CHEMICAL WEATHERING AND SOIL FORMATION FROM MULTIPLE PARENT MATERIALS IN A COMPLEX REGOLITH, SHALE HILLS, PENNSYLVANIA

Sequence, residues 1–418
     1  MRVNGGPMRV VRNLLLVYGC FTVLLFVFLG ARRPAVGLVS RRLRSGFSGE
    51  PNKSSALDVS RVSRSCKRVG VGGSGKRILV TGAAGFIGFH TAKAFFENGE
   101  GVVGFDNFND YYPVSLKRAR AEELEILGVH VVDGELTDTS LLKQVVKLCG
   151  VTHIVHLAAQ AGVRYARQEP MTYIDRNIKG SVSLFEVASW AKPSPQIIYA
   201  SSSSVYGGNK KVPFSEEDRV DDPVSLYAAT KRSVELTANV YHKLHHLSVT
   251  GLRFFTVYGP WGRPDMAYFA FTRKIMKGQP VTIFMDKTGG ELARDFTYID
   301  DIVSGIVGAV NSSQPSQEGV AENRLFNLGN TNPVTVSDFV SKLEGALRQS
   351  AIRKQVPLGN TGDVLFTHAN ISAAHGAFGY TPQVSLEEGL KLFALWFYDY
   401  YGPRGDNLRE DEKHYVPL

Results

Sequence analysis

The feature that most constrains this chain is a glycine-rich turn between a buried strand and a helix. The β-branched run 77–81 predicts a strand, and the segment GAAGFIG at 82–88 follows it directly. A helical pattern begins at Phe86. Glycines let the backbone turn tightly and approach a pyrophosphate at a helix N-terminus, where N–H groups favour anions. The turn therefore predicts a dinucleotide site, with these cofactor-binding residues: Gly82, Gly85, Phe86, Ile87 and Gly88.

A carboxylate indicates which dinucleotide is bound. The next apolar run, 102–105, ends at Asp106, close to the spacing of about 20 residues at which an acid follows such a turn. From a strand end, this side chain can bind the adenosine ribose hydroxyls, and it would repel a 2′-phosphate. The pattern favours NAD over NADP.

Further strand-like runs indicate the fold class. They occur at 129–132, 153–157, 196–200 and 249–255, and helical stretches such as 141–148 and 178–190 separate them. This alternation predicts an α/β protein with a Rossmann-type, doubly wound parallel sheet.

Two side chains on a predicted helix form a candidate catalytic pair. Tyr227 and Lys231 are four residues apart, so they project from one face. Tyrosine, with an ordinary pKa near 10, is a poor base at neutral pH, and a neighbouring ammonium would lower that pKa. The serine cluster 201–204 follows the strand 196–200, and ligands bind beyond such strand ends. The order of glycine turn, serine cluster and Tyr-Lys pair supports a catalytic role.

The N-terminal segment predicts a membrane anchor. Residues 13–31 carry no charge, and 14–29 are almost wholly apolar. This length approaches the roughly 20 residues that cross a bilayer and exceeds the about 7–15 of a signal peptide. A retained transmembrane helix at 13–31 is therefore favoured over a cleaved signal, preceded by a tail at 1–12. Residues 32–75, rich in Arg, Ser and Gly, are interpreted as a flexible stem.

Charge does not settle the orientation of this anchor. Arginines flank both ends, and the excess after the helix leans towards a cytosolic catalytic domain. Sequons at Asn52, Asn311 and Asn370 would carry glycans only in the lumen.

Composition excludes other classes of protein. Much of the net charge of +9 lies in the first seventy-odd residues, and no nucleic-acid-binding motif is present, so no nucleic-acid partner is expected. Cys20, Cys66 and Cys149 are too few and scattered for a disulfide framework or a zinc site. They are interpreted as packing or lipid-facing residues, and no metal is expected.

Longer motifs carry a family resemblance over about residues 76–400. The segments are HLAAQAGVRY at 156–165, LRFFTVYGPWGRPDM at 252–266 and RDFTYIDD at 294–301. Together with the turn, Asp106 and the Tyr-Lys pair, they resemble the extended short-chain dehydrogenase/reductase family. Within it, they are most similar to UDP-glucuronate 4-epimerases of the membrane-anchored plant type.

In this work, we report on the geochemical evolution of soils developing through complex colluvial stratigraphy in a swale of a small, shale-bedrock watershed in central Pennsylvania (Shale Hills CZO Experimental Watershed). We find that the bedrock-regolith contact is marked by a thin (several cm) saprolite with distinct gleyed mottles. Above this saprolite in the swales is one or more deposits of well-sorted 0.1 – 2 cm angular shale chips, interpreted as periglacial sorted talus (grèzes littés) that can exceed 2 m in thickness. We present preliminary grain size and elemental depletion profiles through these parent materials to illustrate the degree of chemical weathering and pedogenesis. The diverse transported parent materials provide significantly different textural and hydrological pathways for pedogenesis, which we contend should have a first-order feedback on weathering profile geochemistry and long-term hillslope form.